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Kahne wrecks primary car in Wednesday practice

Kasey Kahne slides though the infield after he was involved in a wreck during practice for Sunday's NASCAR Daytona 500 auto race in Daytona Beach, Fla., Wednesday, Feb. 22, 2012. Kasey Kahne slides though the infield after he was involved in a wreck during practice for Sunday's NASCAR Daytona 500 auto race in Daytona Beach, Fla., Wednesday, Feb. 22, 2012. (AP Photo/Jim Topper)
By Jenna Fryer
AP Auto Racing Writer / February 22, 2012
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DAYTONA BEACH, Fla.—Kasey Kahne was forced to a backup car Wednesday after a wreck in practice for the Daytona 500.

Kahne's new Chevrolet spun through the grass at Daytona International Speedway after Juan Pablo Montoya tapped the back of his car. Kahne, who will make his debut for new team Hendrick Motorsports in Sunday's season-opening race, also wrecked in last weekend's exhibition race at Daytona.

He's down to his last car heading into Thursday's 150-mile qualifying race.

"They have lots of cars and they do a nice job preparing, so our backup car is just as good," Kahne said. "The problem is that we don't have another one after that. So we'll have to start figuring that out. Maybe I'll have to go borrow someone's."

Kahne's accident was the lone bit of excitement on a slow day at Daytona.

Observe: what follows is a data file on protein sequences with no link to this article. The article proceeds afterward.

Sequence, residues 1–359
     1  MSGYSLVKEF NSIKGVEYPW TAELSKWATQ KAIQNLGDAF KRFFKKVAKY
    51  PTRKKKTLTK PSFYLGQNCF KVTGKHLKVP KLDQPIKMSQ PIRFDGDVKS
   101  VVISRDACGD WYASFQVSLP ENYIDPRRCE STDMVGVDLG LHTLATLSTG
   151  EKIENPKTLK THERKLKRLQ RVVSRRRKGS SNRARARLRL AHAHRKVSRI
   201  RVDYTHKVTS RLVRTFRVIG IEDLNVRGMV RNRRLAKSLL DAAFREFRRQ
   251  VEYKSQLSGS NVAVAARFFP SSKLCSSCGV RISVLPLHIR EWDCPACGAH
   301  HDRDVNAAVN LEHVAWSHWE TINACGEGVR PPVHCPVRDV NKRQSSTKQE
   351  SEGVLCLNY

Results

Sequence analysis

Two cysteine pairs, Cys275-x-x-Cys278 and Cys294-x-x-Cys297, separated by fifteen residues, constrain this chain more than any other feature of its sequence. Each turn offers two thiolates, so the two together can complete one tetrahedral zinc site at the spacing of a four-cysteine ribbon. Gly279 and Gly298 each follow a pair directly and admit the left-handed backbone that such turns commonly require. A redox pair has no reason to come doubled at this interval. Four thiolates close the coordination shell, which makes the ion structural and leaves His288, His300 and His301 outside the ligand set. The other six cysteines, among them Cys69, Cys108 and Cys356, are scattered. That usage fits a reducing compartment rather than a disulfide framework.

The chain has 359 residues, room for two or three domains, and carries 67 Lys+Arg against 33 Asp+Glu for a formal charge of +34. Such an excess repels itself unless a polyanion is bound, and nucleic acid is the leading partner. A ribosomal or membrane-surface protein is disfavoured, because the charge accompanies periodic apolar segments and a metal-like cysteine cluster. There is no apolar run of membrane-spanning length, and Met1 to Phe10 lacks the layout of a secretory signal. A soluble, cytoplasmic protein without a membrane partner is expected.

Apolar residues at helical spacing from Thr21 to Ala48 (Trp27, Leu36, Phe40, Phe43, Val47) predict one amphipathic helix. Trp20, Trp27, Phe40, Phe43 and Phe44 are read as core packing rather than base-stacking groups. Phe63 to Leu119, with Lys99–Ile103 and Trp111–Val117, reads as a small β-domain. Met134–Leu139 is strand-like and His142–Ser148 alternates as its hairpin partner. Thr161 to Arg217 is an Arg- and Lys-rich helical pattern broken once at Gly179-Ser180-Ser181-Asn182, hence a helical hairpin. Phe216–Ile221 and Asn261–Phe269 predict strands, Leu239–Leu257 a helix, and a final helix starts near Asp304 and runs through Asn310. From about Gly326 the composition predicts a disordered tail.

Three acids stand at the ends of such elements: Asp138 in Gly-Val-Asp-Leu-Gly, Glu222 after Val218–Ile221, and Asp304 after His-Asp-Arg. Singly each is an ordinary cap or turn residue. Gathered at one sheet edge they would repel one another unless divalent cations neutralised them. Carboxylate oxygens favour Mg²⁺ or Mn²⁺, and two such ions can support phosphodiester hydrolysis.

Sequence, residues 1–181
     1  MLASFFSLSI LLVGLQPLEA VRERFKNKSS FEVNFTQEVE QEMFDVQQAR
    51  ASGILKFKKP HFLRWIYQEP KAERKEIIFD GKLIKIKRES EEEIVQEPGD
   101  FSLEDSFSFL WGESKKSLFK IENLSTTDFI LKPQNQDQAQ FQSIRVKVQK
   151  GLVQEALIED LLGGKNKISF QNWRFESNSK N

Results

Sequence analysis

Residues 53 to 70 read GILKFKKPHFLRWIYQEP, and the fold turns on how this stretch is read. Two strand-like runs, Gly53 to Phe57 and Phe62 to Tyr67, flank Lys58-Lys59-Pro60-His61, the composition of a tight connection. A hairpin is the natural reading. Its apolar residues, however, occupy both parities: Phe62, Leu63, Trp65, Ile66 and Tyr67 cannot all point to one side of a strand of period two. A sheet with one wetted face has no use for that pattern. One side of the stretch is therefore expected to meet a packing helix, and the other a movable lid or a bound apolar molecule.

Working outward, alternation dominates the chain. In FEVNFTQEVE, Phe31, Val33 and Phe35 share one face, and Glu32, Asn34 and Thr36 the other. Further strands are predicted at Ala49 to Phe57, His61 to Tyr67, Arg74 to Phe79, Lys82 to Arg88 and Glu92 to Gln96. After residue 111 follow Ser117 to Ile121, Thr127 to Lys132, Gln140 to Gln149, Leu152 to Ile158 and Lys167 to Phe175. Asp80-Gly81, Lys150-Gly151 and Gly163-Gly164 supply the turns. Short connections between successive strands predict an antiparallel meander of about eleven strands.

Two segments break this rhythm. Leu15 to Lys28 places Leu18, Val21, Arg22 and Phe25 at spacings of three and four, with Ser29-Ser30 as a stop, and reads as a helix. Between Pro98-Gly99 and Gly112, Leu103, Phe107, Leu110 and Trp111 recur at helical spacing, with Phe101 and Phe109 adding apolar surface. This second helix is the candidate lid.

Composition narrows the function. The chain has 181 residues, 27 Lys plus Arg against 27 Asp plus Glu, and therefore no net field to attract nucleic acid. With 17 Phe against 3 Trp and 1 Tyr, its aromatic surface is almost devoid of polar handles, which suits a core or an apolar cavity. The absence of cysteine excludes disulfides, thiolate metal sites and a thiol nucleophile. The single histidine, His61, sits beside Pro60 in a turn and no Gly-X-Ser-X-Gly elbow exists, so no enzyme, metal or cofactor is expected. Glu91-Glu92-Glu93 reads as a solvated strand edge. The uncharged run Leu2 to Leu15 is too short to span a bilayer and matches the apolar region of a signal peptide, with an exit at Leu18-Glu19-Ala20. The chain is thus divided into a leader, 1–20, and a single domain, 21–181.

Although 43 drivers practiced in Wednesday's first session, only 25 hit the track in the second session because teams were conservative with their cars. Crew chiefs are skittish to tear up equipment, and it's led to varying discussions of strategy for Thursday's qualifying races.

"When we get into the qualifying race, we will race pretty hard, but race smart," said Dale Earnhardt Jr. "You would love to win that race and make a statement going into the 500. It would give the team some confidence; get your sponsors a little extra coverage. Winning would get everybody in good spirits for this Sunday."

But there's really nothing on the line or reason for drivers to race hard on Thursday. Because the top 35 teams are locked into the Daytona 500 already, there's only four spots available in the qualifying races.

Among the drivers trying to race their way into the 500 are: two-time Daytona 500 winner Michael Waltrip, Dave Blaney, Robby Gordon and Bill Elliott.

So, the risk of wrecking a strong car had to be considered in determining strategy.

"I think we've got a really good car for Sunday, so you want to get the best finishing position you can in the Duels without beating up the race car," said defending NASCAR champion Tony Stewart. "We're going to try to do everything we can to not put ourselves in bad situations. When it comes to the end of the race tomorrow, we'll push really hard to see how far up we can get and try to get a good spot, but I guess the biggest variable in the equation is just don't hurt the car that we've got."

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